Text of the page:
For instance, at one point there was an AniList user asking for recs who was a new father and a fairly new anime watcher, so he wanted anime he could enjoy with his family. I recced him Ghibli movies.

  2. Interesting points raised here. I think my biggest problem with recommending titles is recommending sequels or prequels, specifically. It’s so easy to say, “x season was so much better than y season,” and yet, I still want them to watch both. It gets even harder when I know the follow up series isn’t as good as the first, but the natural progression of things is to see what comes next regardless of the outcome. If they decide to skip a “lackluster” series just because I said it wasn’t as good, I kinda feel like I just shorted them despite it being all up to them to begin with. It can be a very frustrating place to be!

    1. I always feel that way even when I disliked an anime. If someone later says they intend to not watch it I feel like maybe they might have liked it and I’ve just steered them away from it. Then again, some anime really aren’t very good and there are plenty of options.

  3. If it’s someone who hasn’t watched much if any anime then I typically recommend starting off with Death Note or Puella Madoka Magica depending on what kind of genres they typically seem to like for movies and TV shows. If they don’t care much for action and want more of a heart warming story then I’d recommend Kannon. However, if it’s someone who’s a big anime fan and has already seen a bunch of the mainstream titles then I’ll recommend something more obscure that I enjoyed like Heroic Age or IGPX. Typically everyone I know IRL are only into live action though so I don’t get many opportunities to do any real recommending

    1. Some people just don’t want to give animated a go and that’s fine. I also have a fair number of people around me who will not watch anime. There’s still that stigma of it being childish or weird and so they just aren’t interested.

  4. Great post! I always struggle with recommendations, my mind immediately fills with all the shows I’ve seen and then curls up in a corner and cries with indecision. Now I try to stick to stuff that I’ve recently watched or stuff that has wide appeal like Fullmetal Alchemist or Psycho Pass.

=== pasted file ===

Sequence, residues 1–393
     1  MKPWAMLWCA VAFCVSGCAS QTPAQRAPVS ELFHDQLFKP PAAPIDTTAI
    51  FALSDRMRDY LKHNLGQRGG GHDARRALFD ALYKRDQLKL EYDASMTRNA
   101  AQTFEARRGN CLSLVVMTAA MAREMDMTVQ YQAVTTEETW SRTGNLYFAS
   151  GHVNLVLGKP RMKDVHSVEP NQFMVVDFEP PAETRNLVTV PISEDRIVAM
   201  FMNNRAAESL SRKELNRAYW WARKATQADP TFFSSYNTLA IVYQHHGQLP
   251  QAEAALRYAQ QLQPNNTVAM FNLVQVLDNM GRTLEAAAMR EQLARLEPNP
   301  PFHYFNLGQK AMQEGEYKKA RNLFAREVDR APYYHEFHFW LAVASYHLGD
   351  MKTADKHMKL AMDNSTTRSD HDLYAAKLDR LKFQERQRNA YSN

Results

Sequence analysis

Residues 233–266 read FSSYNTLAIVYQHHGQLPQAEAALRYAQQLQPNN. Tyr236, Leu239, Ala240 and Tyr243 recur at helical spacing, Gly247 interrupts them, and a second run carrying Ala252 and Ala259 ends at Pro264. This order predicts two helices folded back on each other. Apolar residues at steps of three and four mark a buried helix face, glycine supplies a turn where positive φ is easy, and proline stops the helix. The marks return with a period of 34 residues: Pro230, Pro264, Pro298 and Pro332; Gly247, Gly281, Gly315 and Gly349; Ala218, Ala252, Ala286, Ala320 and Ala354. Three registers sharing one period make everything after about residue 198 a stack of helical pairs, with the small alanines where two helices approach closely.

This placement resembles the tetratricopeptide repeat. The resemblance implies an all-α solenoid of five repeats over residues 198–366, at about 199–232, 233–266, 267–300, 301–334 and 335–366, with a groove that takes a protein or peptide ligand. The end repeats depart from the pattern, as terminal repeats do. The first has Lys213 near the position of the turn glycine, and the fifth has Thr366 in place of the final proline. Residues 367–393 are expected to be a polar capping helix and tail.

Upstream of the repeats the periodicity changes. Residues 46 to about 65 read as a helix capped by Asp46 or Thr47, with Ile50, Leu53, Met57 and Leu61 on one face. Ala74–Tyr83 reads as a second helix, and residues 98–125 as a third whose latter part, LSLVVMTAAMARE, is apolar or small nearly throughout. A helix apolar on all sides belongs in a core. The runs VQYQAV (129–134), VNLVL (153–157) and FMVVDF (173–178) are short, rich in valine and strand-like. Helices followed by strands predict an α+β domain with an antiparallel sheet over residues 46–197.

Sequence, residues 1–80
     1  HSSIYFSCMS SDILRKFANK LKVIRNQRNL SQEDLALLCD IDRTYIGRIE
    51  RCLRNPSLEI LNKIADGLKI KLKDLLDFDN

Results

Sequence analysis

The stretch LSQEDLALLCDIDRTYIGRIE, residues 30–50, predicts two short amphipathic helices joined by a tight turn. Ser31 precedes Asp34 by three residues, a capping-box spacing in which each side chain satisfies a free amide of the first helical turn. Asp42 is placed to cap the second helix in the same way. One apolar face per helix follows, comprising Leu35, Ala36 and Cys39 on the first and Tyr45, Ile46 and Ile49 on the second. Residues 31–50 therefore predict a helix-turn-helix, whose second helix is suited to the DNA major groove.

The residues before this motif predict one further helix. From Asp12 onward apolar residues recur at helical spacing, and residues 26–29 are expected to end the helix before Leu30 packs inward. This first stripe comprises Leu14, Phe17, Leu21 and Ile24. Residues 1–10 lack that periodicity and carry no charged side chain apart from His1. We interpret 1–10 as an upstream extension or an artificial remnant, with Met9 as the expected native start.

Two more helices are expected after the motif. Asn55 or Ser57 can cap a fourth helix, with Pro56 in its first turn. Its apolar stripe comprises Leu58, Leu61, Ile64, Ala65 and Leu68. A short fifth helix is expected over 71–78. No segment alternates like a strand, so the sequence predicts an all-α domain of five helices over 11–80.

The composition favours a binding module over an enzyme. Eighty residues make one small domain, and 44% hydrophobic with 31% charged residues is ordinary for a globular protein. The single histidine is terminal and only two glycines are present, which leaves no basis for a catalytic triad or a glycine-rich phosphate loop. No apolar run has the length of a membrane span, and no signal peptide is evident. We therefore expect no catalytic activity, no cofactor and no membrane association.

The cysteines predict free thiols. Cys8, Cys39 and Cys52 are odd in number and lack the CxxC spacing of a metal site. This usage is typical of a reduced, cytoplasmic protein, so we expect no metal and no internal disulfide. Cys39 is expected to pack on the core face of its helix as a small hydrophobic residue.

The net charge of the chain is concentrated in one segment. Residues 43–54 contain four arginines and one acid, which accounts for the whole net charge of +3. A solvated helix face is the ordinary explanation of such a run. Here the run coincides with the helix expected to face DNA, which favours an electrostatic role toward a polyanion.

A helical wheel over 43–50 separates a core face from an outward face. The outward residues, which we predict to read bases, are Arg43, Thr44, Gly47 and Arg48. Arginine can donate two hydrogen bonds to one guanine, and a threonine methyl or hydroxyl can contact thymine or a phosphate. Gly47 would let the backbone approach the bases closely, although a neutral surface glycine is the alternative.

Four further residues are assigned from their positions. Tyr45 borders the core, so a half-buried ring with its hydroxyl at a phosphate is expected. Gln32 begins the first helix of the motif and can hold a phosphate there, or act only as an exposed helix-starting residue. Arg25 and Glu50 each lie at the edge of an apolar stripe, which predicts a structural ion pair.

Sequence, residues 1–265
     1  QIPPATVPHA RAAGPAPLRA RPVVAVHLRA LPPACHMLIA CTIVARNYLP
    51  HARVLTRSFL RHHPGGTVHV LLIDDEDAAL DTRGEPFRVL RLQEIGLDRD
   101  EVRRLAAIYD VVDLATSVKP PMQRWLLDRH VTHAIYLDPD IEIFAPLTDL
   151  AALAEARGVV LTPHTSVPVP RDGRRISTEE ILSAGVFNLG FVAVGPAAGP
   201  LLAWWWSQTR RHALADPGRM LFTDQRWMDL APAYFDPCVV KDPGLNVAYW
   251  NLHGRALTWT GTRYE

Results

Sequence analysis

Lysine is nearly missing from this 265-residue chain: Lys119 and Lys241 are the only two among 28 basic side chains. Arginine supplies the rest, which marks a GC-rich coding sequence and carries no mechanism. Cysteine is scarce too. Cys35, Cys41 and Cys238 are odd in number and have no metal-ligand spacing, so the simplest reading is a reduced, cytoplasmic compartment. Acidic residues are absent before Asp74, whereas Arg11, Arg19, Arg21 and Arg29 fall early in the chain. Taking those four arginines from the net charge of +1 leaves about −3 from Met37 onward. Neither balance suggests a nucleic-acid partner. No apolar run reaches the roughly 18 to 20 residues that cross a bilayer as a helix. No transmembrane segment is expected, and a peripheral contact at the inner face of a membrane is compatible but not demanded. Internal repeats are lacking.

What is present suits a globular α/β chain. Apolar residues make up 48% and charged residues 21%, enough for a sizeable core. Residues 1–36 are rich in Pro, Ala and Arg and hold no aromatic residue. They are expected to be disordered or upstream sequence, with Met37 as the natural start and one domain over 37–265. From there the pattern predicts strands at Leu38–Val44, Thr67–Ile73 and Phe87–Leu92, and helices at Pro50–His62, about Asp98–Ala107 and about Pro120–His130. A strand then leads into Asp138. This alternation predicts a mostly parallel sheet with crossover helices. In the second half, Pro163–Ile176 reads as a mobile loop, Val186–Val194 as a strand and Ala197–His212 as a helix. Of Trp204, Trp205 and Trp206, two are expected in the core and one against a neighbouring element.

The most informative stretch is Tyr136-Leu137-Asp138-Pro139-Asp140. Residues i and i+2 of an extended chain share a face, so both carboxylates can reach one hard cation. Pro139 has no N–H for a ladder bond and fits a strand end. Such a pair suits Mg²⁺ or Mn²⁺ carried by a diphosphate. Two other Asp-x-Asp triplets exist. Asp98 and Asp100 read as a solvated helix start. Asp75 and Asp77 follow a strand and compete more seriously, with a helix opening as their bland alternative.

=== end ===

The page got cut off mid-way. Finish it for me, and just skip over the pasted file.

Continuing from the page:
1. I can very much understand the feeling of curling up in a corner and crying with indecision. As I go through the long list of shows I could recommend and think of the pros and cons and then second guess myself, that is more or less the figurative end result of trying to think of a good recommendation. I am definitely getting better at just suggesting something that makes sense and hoping they end up enjoying it.

  5. My chosen method is reccomending animes that I really like or am watching at the moment and enjoying. Sometimes when friends watch it they like it, but I once got told “This anime is so weird omg, I don’t like it” about “Meganebu!”.

    “Meganebu” is one of my top favorites (ಥ﹏ಥ)

    1. I don’t think I’ll ever get why weird is a reason not to like something. I know several people who dismiss fantasy because its ‘weird’. I’m left wondering what they expect from ‘fantasy’.

  6. If it is someone who has never watched anime then I would start with the perennials (Ghibli, Hosoda, Bleach, Death Note, GITS, etc) but if they are already a fan I ask them what they like or have seen and work round that.

    And if they don’t like it, they don’t like it. C’est la vie! 😉